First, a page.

« ΠροηγούμενηΣυνέχεια »
boy, Sen., J. F. Snodgrass, J. R. Murdock, W. S. Gardiner, David B. Spencer, J. J. Jackson, Beverley Smith, W. P. Rathbone, Dr. Farmin, E. D. Safford, C. J. Meale, Isaac Morris, W. H. Morehead, G. B. Neale, J.J. Dickenson, W. H. Laurence, W. H. Small, J. J. Neale, J. H. Adams, E. F. De Selding.
CHURCH IN WETZEL COUNTY.
A church at New Martinsville, in this county, was partly built some years since, under the auspices of the Rev. James McCabe and the Rev. Mr. Hyland, and supplied for some time with services by the same. I have no list of the vestrymen of this parish, which was called Wetzel parish after the name of the county.
CHURCH AT MOUNDSVILLE.
Within twelve miles of Wheeling, on the Ohio River, is to be seen one of the largest of those Indian mounds which are to be found in our Western world. It gives the name to the place. In the time of the elder Mr. Armstrong, there were some families belonging to our Church in and around it, which were visited by him, and to whom with the other people of the place he preached. The passage of the Baltimore and Ohio Railroad through it, and the establishment of a large depôt at it, has increased the population so much that an Episcopal church was erected here some years since, and the Rev. Mr. Hyland has, in connection with a school, performed the duties of a minister in it.
The following is a list of the vestrymen of the parish :—Colonel John Thompson, Isaac Hoge, E. H. Caldwell, W. S. Lane, 0. S. Hock, G. W. Bruce, William Collins, General G. Jones.
From the foregoing notices of the Church in Western Virginia, it will be perceived that our “beginning is small.” May some future historian, when all its resources have been developed, have the pleasure of recording that “its latter end has greatly increased”!
Recollections of the Episcopal Church in this Country during the
last Fifty Years.
HAVING thus disposed of the Church of Virginia, I purpose in the present to record some things in relation to the General Church which have come under my observation, and in which I have taken some part. As I introduced the notices of the Virginia Church with some preliminary remarks on its previous history, so would I offer a few thoughts as to the earlier bistory and character of the American Church generally, before entering on the particular narrative to which this article is devoted. And, as I was forced by a regard to historic truth to acknowledge that at no time from its first establishment was the moral and religious condition of the Church in Virginia even tolerably good, so am I also, by the same consideration, obliged to admit much that was defective in relation to other parts of the American Episcopal Church. More especially was this the case in regard to Maryland, which bore a strong resemblance to Virginia in more respects than one. The character of her early population resembled that of Virginia, in having more of the aristocracy than was to be found in some other parts of the English territory in this country. Slavery also was introduced at an early period, and served to strengthen that feature in her character. She, like Virginia, was also put under a regular establishment,though not at so early a period. She had her Governors and Commissaries, who acted as substitutes for the Bishop in ecclesiastical matters. Neither Maryland nor Virginia were under the patronage of the Society for Propagating the Gospel in Foreign Parts, as other portions of America were. The history of those other portions, by comparison with those of Virginia and Maryland, establishes the fact beyond contradiction, that the selection of missionaries by that Society was generally better than the supply coming to Virginia and Maryland through the Bishop of London, or some other channel. The reader is referred to Dr. Hawks's faithful and laborious History of the Church in Maryland for proof of this in relation to that diocese. I adduce only one testimony besides, and that from the well-known Dr. Chandler, of our American Church. After a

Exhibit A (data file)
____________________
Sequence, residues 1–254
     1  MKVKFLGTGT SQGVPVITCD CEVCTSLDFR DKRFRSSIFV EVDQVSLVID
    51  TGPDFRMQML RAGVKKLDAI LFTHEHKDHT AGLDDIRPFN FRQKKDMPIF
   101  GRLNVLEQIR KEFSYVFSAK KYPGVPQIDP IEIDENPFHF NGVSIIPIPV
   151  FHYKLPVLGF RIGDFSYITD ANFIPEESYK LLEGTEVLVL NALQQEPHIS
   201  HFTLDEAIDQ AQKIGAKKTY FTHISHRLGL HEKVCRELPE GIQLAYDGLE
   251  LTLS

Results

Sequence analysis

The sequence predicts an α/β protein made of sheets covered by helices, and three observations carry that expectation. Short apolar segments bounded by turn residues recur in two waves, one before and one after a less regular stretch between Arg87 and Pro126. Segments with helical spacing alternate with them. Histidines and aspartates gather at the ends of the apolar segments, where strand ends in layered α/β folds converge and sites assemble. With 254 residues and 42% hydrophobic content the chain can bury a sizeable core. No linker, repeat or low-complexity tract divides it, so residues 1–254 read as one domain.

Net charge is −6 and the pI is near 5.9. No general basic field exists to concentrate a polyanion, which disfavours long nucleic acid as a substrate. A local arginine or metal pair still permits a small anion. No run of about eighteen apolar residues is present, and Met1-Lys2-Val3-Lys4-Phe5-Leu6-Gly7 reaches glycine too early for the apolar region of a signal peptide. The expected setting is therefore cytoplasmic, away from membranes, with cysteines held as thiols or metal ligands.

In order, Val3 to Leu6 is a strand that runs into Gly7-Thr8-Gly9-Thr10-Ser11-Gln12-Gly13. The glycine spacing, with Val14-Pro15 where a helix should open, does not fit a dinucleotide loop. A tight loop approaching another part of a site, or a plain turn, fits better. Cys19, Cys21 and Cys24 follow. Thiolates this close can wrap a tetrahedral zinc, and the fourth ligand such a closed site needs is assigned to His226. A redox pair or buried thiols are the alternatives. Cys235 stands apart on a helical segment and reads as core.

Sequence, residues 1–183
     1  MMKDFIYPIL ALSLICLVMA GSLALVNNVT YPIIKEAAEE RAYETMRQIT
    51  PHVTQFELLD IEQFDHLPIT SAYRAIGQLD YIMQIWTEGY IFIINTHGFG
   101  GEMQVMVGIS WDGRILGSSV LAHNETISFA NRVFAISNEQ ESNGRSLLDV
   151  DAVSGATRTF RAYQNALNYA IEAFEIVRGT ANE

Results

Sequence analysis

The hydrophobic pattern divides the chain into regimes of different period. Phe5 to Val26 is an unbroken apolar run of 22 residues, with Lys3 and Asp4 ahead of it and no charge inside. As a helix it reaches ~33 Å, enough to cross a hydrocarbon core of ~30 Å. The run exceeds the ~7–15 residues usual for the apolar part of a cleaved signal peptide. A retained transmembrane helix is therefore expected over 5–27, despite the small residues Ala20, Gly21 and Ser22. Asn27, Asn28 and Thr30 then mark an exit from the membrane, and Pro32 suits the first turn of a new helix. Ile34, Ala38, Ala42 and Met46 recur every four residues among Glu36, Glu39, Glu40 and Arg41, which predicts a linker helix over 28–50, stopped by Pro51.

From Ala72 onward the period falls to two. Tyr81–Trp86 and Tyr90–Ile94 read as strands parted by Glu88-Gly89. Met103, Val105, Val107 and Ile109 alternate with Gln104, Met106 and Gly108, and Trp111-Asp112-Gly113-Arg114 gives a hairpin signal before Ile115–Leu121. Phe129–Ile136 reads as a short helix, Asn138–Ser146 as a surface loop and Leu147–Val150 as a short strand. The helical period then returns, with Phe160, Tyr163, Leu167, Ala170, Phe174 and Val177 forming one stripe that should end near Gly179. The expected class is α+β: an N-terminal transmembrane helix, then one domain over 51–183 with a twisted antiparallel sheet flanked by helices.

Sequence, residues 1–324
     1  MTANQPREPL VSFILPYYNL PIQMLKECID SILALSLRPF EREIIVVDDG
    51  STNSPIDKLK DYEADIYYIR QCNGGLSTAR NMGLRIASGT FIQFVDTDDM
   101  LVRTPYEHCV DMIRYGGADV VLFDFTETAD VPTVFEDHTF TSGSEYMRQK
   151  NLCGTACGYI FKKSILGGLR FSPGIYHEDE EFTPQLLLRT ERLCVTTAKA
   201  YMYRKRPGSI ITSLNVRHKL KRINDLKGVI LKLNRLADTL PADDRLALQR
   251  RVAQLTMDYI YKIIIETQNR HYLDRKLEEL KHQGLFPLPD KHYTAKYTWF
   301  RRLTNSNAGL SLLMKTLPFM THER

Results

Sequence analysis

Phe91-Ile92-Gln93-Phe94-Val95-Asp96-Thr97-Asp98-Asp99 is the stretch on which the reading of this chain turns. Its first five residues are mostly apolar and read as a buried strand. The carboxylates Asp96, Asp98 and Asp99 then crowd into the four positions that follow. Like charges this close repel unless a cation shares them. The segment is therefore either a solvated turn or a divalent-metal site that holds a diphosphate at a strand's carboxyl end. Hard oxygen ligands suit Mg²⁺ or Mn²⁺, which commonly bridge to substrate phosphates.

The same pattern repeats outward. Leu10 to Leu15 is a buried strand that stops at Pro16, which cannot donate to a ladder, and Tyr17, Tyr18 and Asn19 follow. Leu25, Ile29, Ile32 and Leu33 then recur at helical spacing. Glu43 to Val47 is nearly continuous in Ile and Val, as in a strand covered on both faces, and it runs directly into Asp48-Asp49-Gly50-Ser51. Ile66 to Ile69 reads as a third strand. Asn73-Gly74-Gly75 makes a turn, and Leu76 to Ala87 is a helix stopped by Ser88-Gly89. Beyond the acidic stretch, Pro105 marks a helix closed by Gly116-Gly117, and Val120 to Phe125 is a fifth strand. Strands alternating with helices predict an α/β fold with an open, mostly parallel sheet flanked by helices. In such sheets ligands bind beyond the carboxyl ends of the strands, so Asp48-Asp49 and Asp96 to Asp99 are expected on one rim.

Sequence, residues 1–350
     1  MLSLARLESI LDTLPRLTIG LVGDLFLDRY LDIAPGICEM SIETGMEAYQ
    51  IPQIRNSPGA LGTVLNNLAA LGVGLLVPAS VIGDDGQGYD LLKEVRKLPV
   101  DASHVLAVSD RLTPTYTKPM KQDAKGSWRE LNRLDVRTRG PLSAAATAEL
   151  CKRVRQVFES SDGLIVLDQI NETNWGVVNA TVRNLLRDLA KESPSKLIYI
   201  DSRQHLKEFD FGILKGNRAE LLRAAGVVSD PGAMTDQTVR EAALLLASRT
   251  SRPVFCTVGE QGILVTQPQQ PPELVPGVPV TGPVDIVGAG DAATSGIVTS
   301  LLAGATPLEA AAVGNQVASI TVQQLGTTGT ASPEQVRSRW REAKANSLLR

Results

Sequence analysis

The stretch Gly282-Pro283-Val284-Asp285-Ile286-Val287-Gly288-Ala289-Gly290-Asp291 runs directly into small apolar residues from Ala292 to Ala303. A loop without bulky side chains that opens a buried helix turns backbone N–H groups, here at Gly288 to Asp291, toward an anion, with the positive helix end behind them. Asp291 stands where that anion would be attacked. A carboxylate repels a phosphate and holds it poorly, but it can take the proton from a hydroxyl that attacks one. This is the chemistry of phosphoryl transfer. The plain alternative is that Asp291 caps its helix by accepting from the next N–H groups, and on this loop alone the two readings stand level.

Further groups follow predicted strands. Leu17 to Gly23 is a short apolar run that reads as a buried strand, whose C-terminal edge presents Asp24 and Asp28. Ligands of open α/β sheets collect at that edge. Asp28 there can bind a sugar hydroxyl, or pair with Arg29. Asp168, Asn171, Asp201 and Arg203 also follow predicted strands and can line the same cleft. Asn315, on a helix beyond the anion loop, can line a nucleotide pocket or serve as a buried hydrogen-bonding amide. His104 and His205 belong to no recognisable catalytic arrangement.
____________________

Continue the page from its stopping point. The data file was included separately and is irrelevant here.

visit to the Eastern Shore of Maryland, about the year 1753, he addressed a letter to the Bishop of London, in which, after speaking in high terms of the laity of that part of the State, he adds, “The general character of the clergy, I am sorry to say, is wretchedly bad. It is readily confessed, that there are some in the Province whose behaviour is unexceptionable and exemplary; but their number seems to be very small in comparison,—they appearing here and there, like lights shining in a dark place. It would really, my lord, make the ears of a sober heathen tingle to hear the stories that were told me by many serious persons of several clergymen in the neighbourhood of the parish where I visited; but I still hope that some abatement may be fairly made on account of the prejudices of those who related them.” My own recollection of statements made by faithful witnesses forty-five years ago, as to a number of the old clergy of Maryland, accords with the above. I have but little knowledge from any source of the few Episcopal clergy north of Maryland. They were not more than eighty in number when the War of the Revolution began. As to foreign importation of clergymen, Bishop White (who was once the only Episcopal minister in Pennsylvania) justly remarks, “ It could not be the channel of a respectable and permanent supply.” Nevertheless, as they nearly all of them depended chiefly for their support on the aid of the above-mentioned Society, it is to be believed that pains were taken to select the best which could be obtained from the English Church at that time, and to require the best recommendations in behalf of those who were natives of America. That there were mistakes none can doubt.*
The history of the missionaries of that Society in South Carolina, as given by one of her sons, (the Rev. Mr. Dalcho,) informs us of some who, on account of their evil character, were soon complained